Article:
TamLynn

A heart at rest
Nov 27, 2014
818
835
93
#7
I have been married twice (16yrs. & 20yrs.). Both times they were successful marriages not because they were perfect matches, but because we worked at them. Your lead in to a man looking for a wife is flawed from the start. By the very statement "I need a woman." We do not need any others to complete us. Better to say "I want a woman."

I came from a dysfunctional family and PTSD from watching my older brother burn to death. By 8-10 years old I knew I needed to change. Finally at 12 I started going to church and learning God's word. I started to change to the point I could at last stand myself. I became disillusioned by age 14 and gave up looking for Christ, but the changes the word made on me lasted.

My first wife cheated on me about our second year. I was crushed, but stayed in the marriage for my daughter's sake. I tried to cheat on my wife for a while. I finally decided it wasn't what I really wanted. I said I wouldn't let her infidelity change me. So I didn't try to solve any differences we had, I just told myself I would split when the kid got old enough. I started to just trust her because it didn't matter.

Once the kid got about 15, I started looking for a way out because of my promise to myself that I would. But something happened that I hadn't counted on. My wife changed, or maybe woke up to what she had. Maybe it was the trust I gave her that changed her. I read people pretty well, and realized she wasn't the same. I became somewhat confused and felt guilty about leaving.

The guilt caused me to almost commit suicide. I had checked into the motel with a 12 ga. shotgun ready to end it all. I was about half drunk but really psyched to do it. Suddenly there was a presence it the room with me. It was calm and all knowing. I was anything but calm. The Spirit (I deduced later) told me how everyone would look at this incident. People I hadn't contacted that cared for me, the very people I thought I would be doing this for. It was a permanent solution to a temporary problem and it would hurt everyone. I decided I couldn't do this to them. I ended up leaving the marriage after living on the road for a year to collect my thoughts. I thought I might go back but the divorce caused a permanent rift.
Wow Deade. God has brought you through many trials and tribulations.
I'm so thankful that in your darkest hour, you heard and heeded the counsel of the Holy Spirit. <3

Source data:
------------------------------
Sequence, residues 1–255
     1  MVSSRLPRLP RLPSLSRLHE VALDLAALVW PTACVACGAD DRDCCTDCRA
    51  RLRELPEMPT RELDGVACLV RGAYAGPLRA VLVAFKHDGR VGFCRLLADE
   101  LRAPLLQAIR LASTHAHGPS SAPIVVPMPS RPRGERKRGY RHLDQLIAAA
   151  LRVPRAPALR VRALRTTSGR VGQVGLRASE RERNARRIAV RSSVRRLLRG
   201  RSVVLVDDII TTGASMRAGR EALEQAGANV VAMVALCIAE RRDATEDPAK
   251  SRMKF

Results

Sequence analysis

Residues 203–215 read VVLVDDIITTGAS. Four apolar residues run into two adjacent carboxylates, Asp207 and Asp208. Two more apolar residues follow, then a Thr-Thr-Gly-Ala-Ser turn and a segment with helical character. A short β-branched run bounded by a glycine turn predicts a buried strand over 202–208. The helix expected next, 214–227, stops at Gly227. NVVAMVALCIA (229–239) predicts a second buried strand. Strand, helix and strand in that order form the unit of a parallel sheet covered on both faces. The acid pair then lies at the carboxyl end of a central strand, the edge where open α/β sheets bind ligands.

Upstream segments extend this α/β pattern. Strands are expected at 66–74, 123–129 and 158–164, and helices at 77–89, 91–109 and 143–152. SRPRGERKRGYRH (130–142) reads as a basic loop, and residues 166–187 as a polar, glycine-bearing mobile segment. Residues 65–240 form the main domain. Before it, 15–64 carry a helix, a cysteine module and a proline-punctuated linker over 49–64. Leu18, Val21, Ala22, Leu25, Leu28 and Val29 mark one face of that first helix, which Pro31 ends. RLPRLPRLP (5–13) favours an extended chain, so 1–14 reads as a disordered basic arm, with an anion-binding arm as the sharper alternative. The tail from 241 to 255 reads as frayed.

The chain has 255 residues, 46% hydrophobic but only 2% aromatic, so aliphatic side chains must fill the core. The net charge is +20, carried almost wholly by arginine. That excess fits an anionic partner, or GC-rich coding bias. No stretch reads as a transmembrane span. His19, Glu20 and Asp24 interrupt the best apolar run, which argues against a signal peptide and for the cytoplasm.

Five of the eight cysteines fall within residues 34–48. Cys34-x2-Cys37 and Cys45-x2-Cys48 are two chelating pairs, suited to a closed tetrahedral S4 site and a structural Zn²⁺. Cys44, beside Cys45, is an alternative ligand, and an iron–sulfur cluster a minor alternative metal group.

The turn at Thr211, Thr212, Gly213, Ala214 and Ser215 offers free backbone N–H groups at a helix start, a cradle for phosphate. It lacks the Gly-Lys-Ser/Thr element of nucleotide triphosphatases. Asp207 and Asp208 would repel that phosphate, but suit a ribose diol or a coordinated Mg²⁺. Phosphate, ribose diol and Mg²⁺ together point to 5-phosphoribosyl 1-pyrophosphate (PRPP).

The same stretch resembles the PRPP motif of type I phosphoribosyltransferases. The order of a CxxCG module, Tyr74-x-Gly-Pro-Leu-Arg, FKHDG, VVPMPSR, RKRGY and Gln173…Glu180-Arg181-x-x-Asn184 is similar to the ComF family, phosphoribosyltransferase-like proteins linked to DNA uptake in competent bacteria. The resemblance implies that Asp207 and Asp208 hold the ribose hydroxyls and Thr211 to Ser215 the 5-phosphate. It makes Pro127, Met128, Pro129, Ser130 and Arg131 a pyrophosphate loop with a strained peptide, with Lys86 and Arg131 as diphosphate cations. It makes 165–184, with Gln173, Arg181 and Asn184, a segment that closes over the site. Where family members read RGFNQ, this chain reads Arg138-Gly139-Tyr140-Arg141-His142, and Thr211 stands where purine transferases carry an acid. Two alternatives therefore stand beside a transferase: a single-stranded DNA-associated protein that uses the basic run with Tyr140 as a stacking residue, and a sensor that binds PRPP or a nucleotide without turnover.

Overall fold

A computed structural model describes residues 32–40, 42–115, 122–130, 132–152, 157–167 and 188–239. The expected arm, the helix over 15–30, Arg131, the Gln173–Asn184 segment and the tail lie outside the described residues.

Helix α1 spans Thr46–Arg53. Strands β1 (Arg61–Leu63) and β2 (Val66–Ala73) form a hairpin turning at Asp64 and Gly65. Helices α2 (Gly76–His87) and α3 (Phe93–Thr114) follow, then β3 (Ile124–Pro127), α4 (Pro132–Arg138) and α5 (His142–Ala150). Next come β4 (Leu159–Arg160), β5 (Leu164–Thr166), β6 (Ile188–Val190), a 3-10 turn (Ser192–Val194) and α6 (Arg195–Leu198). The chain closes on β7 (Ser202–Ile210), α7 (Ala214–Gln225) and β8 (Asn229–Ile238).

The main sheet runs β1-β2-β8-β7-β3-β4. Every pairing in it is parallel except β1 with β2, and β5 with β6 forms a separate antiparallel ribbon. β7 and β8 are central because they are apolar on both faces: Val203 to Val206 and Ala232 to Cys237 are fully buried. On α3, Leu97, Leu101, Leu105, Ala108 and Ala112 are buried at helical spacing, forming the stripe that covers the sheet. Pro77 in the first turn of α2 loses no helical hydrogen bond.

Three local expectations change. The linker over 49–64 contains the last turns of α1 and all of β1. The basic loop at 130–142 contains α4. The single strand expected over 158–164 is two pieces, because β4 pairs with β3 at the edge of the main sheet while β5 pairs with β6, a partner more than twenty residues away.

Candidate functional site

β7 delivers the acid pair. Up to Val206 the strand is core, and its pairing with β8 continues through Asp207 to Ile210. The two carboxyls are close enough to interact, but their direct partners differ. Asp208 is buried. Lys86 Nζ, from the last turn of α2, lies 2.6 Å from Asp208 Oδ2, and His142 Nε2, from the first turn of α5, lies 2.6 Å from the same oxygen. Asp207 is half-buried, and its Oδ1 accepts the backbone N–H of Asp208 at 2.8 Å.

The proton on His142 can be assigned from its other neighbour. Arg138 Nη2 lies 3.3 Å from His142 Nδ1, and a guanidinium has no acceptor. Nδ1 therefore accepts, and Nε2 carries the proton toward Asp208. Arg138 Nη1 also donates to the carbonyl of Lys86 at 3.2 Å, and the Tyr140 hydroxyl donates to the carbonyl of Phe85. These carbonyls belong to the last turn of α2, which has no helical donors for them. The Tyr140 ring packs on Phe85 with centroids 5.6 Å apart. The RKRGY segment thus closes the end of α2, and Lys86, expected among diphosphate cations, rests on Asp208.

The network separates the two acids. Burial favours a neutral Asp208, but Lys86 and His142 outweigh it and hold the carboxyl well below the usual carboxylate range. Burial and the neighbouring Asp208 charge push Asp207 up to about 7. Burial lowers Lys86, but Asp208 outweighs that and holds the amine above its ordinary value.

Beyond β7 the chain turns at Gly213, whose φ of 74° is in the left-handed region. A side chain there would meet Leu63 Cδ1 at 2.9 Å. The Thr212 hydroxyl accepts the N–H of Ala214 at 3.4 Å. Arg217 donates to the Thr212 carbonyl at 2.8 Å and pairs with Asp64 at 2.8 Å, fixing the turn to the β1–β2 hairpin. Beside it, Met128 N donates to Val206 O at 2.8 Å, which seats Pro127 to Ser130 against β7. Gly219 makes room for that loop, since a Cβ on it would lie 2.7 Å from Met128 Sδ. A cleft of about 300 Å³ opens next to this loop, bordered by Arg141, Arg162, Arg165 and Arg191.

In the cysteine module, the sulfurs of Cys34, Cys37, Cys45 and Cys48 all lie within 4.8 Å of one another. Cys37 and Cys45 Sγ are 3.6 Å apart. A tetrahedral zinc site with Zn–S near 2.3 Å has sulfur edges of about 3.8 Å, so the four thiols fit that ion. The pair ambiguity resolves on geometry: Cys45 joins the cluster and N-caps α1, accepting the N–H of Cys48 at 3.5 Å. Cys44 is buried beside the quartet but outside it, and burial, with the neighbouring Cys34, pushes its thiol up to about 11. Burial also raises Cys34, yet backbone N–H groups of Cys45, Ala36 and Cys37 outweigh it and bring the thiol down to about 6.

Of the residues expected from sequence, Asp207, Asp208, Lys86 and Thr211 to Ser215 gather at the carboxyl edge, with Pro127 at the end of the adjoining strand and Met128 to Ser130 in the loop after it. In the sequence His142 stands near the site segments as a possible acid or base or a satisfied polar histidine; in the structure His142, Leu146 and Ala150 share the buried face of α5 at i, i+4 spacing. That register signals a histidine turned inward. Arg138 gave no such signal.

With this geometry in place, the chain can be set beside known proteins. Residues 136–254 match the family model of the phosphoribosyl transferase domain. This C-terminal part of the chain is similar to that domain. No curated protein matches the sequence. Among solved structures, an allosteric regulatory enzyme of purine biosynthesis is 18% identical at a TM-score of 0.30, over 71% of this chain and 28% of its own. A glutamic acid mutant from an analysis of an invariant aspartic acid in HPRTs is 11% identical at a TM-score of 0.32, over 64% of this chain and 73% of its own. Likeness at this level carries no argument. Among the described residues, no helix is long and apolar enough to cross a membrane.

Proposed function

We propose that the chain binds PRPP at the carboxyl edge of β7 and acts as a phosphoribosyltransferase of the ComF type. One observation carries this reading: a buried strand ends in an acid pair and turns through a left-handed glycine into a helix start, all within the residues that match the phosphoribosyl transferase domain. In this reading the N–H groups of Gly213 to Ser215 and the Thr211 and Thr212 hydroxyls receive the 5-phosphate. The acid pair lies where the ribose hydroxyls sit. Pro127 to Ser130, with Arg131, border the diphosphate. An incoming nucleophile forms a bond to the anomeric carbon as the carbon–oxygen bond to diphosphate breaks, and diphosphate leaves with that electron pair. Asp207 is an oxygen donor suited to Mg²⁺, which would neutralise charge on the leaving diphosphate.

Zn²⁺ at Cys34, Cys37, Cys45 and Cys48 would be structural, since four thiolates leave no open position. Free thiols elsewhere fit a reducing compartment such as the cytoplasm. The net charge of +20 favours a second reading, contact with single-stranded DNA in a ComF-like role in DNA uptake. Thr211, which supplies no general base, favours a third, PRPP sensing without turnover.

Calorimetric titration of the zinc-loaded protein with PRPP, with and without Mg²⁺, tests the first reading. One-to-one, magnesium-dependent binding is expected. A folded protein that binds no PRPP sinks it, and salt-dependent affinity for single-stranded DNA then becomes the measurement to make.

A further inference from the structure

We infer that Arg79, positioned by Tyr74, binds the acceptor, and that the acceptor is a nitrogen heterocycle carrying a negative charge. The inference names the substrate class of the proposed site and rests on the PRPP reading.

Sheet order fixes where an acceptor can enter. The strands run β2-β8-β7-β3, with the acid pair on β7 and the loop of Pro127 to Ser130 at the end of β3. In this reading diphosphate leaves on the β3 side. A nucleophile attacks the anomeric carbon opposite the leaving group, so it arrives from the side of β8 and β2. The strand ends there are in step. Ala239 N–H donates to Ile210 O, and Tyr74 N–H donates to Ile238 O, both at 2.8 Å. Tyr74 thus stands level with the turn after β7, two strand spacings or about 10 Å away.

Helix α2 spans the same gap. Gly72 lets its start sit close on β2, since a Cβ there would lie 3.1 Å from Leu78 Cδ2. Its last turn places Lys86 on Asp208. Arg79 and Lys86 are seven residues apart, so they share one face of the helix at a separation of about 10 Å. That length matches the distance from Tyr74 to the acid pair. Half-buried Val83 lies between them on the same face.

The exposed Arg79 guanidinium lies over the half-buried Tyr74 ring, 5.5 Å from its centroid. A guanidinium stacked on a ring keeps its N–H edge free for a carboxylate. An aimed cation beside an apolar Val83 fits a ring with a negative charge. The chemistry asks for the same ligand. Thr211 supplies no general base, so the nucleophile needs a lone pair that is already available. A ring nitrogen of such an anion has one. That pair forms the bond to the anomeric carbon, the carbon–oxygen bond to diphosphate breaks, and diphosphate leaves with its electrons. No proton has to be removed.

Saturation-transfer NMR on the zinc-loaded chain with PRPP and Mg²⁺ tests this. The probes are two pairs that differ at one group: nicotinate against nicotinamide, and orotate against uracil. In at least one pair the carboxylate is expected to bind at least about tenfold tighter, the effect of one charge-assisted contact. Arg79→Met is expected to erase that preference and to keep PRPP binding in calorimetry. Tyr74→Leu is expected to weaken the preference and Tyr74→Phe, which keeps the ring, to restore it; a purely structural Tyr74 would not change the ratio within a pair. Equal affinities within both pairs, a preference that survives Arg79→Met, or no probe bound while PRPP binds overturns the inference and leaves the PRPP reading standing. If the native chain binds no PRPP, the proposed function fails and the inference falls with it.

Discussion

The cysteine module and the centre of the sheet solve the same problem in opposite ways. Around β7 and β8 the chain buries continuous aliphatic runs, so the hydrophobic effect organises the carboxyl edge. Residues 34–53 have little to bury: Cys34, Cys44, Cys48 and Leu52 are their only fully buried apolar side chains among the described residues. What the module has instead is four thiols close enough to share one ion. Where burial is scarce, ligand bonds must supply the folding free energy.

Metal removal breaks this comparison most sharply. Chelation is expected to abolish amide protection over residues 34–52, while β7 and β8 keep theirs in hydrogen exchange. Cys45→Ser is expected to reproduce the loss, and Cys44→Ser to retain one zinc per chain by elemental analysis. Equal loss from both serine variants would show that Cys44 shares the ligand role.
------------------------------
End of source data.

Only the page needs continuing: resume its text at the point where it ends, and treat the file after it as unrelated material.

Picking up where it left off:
Thank you for sharing. Praying God will continue to bless and use you as you walk in truth!
 

seoulsearch

OutWrite Trouble
May 23, 2009
12,882
3,133
113
#8
Mr. Deade, I am so sorry for everything you've gone through.

I know you've mentioned writing books and you surely have an amazing testimony--not only will it help others but I hope that God helps you through your writing as well.

God bless you and thanks for being a survivor.

You will definitely be in my prayers.
 

Solemateleft

Honor, Courage, Commitment
Jun 25, 2017
2,535
1,989
113
#10
Unicorns are imaginary creatures. But it's nice to dream about the possibility of the Lord blessing your life with a soulmate.
All while being grounded in the reality of the ever illusive perfect marriage, which is really just two imperfect people who refuse to give up on each other...
 

Subhumanoidal

Well-known member
Sep 17, 2018
2,540
2,109
113
#11
I have certainly felt inadequate at hearing what many Christian women expect in a husband. When I was younger and before I learned all of this I worried about it at times. But seeing the lists many have created I actually began feeling hopeless and worthless.
I've also seen many churches encourage this rigidness. Decide exactly what you want, pray about it. If a man doesn't fit that mold don't settle for less than Gods best.
While I've no doubt this goes both ways, women get it fed further by the "you are a princess" teaching of churches. And raising women on a pedestal. It creates a christianized version of the knight in shining armor secular fantasy. Only a man deemed worthy, a true hero, can capture the heart of the princess who spends her days waiting for someone worthy enough to show up.
No. Just no.
What if God has other plans? Often people end up with others they may not have ever expected to.
Gods goal is not wish fulfillment or fantasy actuallization, but what's best. And what's best usually doesn't fit within our boxes and preconceived notions. Nor is it always shiny, glamorous, awe inspiring or grandiose.